Monthly Archives: January 2008

Utah Flags Fly at Half Mast as a Prophet is Lost

Mormons around the world are in mourning today as news spreads that LDS church president Gordon B. Hinckley passed away.

As for me, I have to admit that at first I didn’t like President Hinckley. But over time, I grew to love him as one of my church’s most prolific, energetic, and lively prophets in recent times.

For many people, Hinckley was perhaps the most influential prophet in their lifetime. Now, prophets tend to stick around for awhile (Hinckley for 12 years) so younger folks such as myself haven’t been through that many, but each prophet in my time has certainly left their mark. One of the legacies Hinckley leaves behind is a massive temple-building program that more than doubled the number of operating temples to over 100.

Spencer W. Kimball is the prophet I have the earliest memory of. He is, of course, most well known for having the revelation that allowed all worthy men to hold the priesthood, something that he had wanted since before becoming prophet and something he spent a lot of time on his knees praying for.

Ezra Taft Benson was probably most well known for his ultra-conservative views. Unfortunately, some people decided to leave the church when he became prophet. They didn’t bother sticking around long enough to see his dramatic change. Some people (myself included) contribute his change to the fact that he was directly humbled by “the man upstairs.”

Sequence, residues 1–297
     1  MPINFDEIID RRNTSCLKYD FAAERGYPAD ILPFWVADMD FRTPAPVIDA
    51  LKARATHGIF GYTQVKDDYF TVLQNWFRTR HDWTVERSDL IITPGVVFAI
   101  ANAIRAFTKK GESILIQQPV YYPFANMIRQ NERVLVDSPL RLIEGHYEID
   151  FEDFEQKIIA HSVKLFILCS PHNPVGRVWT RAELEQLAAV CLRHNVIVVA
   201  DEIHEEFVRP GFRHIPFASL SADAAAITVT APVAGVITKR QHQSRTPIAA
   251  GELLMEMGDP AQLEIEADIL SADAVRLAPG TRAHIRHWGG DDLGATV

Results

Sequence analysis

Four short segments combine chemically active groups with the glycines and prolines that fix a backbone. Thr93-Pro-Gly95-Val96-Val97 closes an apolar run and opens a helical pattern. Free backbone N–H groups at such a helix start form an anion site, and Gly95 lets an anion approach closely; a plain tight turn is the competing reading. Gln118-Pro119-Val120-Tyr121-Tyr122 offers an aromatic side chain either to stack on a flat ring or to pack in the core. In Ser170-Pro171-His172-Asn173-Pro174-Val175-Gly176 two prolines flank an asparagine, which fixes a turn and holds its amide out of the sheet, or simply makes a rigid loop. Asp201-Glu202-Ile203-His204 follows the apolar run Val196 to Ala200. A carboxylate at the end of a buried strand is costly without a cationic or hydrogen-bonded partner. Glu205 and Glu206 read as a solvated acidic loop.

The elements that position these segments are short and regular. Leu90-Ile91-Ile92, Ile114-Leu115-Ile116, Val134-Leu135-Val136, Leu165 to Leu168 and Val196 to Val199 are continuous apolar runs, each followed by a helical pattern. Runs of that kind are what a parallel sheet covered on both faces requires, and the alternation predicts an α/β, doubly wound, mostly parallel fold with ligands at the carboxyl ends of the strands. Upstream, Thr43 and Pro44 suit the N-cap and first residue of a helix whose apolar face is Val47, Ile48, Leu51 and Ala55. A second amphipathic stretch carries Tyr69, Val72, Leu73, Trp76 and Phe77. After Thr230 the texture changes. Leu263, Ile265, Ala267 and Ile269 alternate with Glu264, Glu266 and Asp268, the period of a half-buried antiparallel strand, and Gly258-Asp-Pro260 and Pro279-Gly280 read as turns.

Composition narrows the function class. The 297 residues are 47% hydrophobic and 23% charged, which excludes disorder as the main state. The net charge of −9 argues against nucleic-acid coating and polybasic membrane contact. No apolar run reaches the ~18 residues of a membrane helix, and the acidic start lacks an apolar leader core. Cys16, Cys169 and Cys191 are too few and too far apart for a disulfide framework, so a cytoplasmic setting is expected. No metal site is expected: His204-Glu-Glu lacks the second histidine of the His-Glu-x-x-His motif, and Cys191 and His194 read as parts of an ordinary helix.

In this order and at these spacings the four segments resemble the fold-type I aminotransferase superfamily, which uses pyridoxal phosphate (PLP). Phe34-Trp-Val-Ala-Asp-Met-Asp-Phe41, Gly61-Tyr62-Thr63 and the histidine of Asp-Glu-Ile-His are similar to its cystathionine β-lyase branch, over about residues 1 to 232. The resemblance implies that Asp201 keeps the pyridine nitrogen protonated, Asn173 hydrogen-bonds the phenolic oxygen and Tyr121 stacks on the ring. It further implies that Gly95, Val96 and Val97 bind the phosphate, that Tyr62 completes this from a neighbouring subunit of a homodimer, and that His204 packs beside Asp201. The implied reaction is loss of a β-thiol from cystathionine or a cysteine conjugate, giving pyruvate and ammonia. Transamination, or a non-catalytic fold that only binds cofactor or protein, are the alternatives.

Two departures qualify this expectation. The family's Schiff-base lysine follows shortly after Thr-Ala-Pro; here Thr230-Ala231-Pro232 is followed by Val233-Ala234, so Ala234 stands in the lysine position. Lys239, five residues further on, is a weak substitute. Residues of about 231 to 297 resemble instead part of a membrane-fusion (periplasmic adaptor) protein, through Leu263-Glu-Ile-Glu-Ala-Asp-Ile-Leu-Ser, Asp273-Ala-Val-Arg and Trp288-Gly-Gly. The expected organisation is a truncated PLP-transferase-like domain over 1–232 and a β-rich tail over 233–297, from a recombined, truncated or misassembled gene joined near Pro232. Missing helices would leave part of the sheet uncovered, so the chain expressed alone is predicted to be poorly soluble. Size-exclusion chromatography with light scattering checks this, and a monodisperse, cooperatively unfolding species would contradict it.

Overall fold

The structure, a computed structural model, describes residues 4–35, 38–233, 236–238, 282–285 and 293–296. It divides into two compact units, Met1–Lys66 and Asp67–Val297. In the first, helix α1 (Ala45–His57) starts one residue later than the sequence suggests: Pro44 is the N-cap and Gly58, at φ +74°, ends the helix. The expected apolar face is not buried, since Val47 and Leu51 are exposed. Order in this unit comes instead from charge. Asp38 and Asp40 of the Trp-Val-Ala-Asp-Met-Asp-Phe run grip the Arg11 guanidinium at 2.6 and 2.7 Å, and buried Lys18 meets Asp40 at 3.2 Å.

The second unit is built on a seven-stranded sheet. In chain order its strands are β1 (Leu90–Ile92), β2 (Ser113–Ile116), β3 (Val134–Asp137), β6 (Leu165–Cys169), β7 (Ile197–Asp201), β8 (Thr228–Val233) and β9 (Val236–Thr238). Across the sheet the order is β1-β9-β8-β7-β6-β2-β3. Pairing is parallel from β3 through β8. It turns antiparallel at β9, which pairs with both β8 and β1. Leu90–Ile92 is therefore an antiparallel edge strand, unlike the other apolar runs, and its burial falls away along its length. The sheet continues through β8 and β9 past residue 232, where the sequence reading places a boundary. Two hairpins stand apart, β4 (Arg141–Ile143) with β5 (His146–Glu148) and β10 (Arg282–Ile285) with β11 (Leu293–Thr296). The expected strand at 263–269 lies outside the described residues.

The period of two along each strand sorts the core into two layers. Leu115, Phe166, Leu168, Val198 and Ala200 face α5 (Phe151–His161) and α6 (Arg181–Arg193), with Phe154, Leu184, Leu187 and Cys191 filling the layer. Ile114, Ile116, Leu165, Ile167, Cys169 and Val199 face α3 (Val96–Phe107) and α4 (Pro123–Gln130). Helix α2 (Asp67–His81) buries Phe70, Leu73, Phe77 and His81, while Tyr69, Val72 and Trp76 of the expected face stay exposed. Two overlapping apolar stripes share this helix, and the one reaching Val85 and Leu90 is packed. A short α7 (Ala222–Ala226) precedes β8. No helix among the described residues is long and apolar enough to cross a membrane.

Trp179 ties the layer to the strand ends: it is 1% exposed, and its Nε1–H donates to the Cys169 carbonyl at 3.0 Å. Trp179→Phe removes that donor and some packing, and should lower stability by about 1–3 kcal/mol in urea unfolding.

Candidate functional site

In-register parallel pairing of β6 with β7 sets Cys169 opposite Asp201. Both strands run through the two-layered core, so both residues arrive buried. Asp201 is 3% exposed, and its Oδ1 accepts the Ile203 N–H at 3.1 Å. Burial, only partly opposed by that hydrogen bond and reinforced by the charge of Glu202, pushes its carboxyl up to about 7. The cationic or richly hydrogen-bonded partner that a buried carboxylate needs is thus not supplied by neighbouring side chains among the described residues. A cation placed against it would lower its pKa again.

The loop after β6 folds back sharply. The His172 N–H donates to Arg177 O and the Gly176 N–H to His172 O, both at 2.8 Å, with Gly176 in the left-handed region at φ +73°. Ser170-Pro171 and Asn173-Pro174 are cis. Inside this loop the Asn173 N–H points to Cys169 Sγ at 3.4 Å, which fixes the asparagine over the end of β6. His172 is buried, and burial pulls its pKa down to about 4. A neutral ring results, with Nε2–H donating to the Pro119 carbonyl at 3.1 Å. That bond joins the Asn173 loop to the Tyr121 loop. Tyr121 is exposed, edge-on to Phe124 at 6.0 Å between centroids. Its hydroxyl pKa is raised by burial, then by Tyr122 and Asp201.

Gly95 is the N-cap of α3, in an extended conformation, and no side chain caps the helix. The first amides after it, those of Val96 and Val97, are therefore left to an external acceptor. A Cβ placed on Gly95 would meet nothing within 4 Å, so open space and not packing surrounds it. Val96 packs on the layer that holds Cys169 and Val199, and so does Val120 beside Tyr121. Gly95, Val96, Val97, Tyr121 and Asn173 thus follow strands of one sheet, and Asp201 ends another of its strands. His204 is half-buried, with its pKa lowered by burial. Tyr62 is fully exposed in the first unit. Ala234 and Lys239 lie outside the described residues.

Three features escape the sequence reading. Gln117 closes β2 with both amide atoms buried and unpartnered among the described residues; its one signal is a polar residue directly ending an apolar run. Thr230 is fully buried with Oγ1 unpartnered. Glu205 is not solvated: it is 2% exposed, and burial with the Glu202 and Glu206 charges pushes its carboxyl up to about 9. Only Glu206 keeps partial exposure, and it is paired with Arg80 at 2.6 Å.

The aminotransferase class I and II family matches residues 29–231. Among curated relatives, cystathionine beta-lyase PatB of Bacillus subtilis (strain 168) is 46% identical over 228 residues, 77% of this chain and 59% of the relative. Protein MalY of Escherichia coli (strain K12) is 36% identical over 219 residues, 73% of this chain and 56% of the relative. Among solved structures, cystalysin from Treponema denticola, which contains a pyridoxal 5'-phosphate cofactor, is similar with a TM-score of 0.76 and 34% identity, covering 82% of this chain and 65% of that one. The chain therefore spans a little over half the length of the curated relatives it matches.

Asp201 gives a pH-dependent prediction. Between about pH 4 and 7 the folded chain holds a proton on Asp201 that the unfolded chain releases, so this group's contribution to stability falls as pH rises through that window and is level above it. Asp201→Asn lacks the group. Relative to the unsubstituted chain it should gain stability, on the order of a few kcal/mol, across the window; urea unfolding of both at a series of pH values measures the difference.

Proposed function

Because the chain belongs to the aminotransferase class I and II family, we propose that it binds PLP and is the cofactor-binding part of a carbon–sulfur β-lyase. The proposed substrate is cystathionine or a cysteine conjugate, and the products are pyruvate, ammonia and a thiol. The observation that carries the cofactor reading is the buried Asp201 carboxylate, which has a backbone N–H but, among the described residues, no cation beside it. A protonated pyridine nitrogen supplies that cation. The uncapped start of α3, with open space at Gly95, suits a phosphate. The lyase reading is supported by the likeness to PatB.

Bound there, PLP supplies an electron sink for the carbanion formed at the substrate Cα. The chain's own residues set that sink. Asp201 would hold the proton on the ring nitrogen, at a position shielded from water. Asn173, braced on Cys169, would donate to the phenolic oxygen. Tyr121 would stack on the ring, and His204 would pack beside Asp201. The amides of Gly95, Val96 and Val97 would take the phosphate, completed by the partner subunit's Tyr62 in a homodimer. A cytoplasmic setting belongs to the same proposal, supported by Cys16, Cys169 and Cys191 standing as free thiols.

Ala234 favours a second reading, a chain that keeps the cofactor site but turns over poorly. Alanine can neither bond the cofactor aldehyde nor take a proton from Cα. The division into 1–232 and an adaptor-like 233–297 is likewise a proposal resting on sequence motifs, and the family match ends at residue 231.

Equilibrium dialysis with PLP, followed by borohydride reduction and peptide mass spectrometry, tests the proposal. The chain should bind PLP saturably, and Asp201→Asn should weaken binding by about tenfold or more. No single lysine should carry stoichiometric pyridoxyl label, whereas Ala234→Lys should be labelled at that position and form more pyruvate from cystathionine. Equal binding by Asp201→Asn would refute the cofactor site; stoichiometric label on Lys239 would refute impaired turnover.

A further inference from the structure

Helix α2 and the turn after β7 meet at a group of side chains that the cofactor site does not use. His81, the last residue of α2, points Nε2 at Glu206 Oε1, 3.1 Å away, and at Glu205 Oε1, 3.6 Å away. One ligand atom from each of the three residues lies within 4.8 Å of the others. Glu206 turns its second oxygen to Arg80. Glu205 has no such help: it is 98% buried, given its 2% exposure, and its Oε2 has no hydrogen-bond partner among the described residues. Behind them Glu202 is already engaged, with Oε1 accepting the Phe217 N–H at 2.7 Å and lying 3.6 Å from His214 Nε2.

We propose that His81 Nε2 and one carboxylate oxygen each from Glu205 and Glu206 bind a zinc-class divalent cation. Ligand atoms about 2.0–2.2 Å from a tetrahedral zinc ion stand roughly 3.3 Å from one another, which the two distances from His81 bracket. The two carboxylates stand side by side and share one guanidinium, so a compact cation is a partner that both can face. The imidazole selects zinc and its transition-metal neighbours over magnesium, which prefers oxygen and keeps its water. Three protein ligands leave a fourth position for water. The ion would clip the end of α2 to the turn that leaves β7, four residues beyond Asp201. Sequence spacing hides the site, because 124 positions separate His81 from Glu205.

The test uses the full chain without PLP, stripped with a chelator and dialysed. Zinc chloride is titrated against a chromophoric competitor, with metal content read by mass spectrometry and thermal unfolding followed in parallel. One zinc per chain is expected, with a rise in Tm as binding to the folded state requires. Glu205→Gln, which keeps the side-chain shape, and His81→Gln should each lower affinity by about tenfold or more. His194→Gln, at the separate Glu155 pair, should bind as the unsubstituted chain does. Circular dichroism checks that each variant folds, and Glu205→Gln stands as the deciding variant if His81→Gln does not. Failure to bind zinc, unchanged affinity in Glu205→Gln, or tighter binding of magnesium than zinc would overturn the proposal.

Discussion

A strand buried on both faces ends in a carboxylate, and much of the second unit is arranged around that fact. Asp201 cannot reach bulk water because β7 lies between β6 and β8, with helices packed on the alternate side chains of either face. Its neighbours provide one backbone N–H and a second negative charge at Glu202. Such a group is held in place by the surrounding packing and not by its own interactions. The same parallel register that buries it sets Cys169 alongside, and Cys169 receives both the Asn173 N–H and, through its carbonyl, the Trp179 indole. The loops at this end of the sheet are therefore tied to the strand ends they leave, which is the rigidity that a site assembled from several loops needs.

Howard W. Hunter is the shortest serving prophet in modern times. Prophet for just 9 months, his very short term of service left some to wonder why the Lord would let a man be His mouthpiece for so short a period of time. But Hunter is perhaps my favorite. When he spoke, it seemed the world stopped to listen. Maybe it was because his health was so bad, everybody knew he wasn’t going to be around for long. Nonetheless, when he did speak, it was a powerful treat to hear him.

As to Hinckley, I was beginning to think he would live forever. He was born the same year as my grandfather, but managed to outlive him by just over 11 years. Hinckley became prophet at the ripe ol’ age of 84, and many wondered how long he would stick around at that age. If anybody bet on it, I’m sure they lost.

Hinckley was also one of the most qualified persons to take the post. As a 2nd counselor to an increasingly unhealthy Kimball in the 80′s (and due to 1st counselor Romney’s failing health as well) Hinckley essentially lead the church during that time. The same happened when he was 1st counselor to Benson as Benson’s health began to fail.

If things go as planned, Thomas S. Monson will become our next prophet. With a very different personality than Hinckley, it will be interesting to see what direction he takes the church.

But for now, here’s to you Brother Hinckley!

Men Not as Smart as They Think

So when the results of this study came out, I’m pretty sure I heard a collective, “Well, DUH!” from the world’s women. I wasn’t sure what was going on at first. I probably just figured Oprah Winfrey said something really well-duh’ish on her show or something. But then I read this story from Newsweek, and it all made sense to me.

Letterman admits he's not that smart to Oprah